A focal point of any kitchen or bath, the backsplash provides a canvas for craftsmanship, but only if all the pieces work according to plan (and elevation).
With so many beautiful choices and an enormous range of cost, I recommend you start thinking of the backsplash early in the process, along with or soon after selecting the larger items like granite and cabinets. The backsplash can harmonize or contrast these, serve as a visual background, or stand out as the focus of the composition.
But, as with every element of architecture, start with:
- Select durable, easy to clean finishes.
- Avoid rough textures.
- Seal absorbent materials (like grout or slate).
- Continue backsplash to the underside of wall cabinets, mirror, or vent hood.
- Stay within the budget you have worked out, straying from it only as a conscious decision.
- Investigate sustainability.
- Use more expensive materials as accents.
- Discuss whether the price includes patterns or special cuts.
- Consider the qualifications of the installer.
It’s hard to beat the cost of low V.O.C. semi-gloss paint as a finish material. These clever homeowners had their builder, Classic Work Construction, install a sheet of stainless steel as a backdrop to the stove. The choice of bold color makes a strong statement.
- Locate and dimension all outlets and any wall-mounted accessories accurately to avoid having these interrupt the expensive accent band.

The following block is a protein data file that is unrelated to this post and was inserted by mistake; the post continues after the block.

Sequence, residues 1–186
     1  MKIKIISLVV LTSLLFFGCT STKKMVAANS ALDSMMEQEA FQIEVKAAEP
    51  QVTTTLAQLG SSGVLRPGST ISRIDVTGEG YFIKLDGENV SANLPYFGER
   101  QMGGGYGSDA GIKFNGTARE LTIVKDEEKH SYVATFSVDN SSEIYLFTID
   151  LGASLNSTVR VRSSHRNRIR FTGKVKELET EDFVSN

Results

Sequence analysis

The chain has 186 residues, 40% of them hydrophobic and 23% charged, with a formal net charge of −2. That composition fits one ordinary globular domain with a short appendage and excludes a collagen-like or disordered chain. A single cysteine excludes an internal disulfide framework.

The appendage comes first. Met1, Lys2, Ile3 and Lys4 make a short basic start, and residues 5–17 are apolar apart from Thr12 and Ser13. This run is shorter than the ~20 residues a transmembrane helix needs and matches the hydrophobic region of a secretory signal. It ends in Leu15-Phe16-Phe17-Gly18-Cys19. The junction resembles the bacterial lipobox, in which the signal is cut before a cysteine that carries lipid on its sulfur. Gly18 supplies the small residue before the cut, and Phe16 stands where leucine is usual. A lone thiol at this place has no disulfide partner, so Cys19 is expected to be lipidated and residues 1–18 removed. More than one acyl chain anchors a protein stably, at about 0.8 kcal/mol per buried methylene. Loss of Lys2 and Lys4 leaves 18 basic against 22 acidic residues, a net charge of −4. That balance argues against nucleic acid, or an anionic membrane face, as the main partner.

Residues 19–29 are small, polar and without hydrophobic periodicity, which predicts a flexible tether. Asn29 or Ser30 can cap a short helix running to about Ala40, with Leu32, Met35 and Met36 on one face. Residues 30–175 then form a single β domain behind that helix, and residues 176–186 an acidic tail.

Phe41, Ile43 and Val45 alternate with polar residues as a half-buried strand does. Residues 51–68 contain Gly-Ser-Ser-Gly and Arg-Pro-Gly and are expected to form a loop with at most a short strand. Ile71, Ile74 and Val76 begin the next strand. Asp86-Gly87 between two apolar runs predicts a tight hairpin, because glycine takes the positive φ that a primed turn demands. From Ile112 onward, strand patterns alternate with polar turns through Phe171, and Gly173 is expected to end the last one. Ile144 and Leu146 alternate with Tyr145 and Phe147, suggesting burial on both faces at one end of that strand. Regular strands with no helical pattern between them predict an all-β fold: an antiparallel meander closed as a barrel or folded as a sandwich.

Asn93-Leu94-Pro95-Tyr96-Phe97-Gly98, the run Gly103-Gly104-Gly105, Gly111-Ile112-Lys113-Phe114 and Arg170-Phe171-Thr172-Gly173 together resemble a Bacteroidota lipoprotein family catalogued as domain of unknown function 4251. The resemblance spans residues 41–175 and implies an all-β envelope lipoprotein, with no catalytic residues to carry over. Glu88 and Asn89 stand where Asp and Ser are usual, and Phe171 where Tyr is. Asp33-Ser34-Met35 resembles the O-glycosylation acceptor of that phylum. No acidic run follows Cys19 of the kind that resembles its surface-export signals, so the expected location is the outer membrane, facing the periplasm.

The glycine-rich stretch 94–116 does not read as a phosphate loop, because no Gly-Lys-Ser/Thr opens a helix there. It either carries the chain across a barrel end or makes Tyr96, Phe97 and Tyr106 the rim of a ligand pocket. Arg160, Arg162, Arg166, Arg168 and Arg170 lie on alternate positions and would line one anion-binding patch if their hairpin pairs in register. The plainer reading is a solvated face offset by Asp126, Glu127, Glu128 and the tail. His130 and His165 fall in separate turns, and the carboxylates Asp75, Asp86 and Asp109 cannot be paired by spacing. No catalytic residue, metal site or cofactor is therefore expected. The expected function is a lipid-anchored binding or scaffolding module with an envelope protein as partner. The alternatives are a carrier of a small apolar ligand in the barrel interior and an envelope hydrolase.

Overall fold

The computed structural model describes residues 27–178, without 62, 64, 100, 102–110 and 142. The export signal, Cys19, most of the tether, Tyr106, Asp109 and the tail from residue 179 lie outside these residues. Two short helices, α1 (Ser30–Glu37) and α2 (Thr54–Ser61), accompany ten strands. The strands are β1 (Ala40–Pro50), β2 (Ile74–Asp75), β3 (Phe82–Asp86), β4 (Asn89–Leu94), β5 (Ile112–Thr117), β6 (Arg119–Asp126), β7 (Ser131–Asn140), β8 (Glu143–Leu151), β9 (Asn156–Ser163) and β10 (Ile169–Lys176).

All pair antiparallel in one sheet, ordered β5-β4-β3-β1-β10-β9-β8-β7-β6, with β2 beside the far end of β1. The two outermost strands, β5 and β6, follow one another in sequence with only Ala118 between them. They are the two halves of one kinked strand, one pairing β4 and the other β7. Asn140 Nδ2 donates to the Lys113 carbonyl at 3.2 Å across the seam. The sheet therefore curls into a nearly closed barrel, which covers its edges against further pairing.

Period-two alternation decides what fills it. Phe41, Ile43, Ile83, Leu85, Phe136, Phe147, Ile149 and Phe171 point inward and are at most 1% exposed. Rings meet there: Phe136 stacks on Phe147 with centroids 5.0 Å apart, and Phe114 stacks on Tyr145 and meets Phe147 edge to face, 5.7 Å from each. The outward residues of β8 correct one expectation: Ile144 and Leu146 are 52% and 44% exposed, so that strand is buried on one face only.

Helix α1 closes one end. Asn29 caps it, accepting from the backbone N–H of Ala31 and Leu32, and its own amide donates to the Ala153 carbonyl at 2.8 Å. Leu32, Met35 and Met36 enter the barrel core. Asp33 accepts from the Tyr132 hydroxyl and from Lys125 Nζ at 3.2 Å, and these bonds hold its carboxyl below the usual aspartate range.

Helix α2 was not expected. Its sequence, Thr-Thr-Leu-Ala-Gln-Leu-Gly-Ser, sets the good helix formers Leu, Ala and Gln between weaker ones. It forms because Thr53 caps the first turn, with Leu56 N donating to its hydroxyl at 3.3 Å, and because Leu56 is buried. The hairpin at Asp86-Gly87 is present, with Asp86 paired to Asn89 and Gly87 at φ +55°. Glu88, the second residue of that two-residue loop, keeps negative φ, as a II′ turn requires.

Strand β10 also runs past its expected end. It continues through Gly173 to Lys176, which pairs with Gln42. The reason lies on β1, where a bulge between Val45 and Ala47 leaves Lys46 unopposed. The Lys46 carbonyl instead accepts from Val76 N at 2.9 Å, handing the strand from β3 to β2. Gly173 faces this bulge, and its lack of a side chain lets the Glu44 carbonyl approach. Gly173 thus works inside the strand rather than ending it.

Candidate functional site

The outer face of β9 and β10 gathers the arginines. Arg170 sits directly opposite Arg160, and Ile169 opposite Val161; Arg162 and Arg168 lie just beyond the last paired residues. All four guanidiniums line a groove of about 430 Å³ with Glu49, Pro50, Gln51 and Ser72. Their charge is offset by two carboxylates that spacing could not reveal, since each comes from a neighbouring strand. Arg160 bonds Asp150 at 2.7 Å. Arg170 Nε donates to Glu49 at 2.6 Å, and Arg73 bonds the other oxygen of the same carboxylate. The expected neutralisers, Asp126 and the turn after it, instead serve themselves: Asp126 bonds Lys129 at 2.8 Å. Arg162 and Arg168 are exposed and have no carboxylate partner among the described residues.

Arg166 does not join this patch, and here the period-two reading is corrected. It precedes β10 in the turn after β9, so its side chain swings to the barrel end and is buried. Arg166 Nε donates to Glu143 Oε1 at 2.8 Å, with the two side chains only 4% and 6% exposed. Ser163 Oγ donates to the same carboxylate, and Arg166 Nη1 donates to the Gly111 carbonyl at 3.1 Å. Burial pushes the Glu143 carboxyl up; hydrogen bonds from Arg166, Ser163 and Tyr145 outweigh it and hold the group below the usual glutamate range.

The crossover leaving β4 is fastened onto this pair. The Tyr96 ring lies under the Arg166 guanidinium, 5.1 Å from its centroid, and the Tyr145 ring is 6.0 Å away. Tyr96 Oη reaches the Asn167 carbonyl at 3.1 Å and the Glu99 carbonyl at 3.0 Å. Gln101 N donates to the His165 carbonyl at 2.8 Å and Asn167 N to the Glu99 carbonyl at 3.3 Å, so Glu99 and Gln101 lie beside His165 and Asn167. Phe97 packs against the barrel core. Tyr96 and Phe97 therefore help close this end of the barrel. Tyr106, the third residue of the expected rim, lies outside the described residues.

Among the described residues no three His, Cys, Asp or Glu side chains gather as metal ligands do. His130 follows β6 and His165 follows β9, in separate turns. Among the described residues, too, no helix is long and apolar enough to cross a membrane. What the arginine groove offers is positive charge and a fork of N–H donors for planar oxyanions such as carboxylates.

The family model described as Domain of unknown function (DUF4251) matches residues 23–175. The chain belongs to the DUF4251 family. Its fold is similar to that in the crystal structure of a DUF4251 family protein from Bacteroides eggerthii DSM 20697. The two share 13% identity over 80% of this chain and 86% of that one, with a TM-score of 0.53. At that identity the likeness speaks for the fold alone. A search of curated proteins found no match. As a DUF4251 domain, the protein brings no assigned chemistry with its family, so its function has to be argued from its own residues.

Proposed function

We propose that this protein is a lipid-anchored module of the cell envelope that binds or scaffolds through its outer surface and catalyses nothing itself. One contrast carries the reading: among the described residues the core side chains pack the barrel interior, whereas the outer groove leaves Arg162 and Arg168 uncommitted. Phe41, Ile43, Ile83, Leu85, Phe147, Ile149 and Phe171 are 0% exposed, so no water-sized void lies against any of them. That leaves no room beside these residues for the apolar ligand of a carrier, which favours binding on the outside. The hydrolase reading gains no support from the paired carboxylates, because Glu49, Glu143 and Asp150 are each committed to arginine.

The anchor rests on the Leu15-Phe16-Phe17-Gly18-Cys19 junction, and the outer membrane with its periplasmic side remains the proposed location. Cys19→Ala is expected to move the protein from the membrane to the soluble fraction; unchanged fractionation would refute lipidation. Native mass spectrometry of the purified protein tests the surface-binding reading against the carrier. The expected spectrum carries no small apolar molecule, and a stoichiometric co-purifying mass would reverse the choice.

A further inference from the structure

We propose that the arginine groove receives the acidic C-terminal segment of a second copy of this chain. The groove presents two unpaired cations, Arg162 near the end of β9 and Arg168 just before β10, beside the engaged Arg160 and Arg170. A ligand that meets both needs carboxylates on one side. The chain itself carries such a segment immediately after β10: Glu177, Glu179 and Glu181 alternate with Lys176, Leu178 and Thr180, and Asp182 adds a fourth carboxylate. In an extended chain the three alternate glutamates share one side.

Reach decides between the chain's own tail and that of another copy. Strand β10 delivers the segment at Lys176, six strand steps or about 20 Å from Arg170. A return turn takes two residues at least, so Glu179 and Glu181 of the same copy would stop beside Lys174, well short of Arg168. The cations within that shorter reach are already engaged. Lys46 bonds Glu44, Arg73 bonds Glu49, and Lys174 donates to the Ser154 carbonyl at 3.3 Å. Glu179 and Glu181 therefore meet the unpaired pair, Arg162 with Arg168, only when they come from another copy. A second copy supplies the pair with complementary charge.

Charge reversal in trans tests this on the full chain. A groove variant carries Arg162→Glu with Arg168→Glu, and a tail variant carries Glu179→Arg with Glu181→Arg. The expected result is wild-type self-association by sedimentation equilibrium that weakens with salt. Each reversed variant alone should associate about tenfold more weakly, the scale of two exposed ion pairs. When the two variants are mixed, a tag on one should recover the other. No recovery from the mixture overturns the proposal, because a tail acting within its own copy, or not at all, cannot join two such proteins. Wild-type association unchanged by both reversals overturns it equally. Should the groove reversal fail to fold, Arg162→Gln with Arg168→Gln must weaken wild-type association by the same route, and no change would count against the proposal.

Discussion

- During construction review the blocking and make adjustments so the electrician can install the boxes exactly where you want them
- Pay close attention to locations of grout lines
- Draw an exact layout showing actual dimensions of different tiles (some are metric, others not)
- At a bath vanity, accessories and required outlets can usually be located on the side walls, leaving the backsplash free for fun.
The backsplash over this vanity also frames the mirror. A theme of contrasts is carried throughout, using glossy materials against rustic ones. The elegance of the vertical glass tiles and glazed ceramic from Ann Sachs contrast the earthy look of slate, installed by Boxwell Construction. The towel bar by Ginger is made of polished chrome and wenge oak.
4) Style – When all of the above have been considered, the design will seem effortless. You will want to hug your carpenter, electrician, and tiler.
Above, an updated classic look with a horizontal accent band of tiny iridescent Sicis glass and Metro Glass squares in a field of French Vanilla marble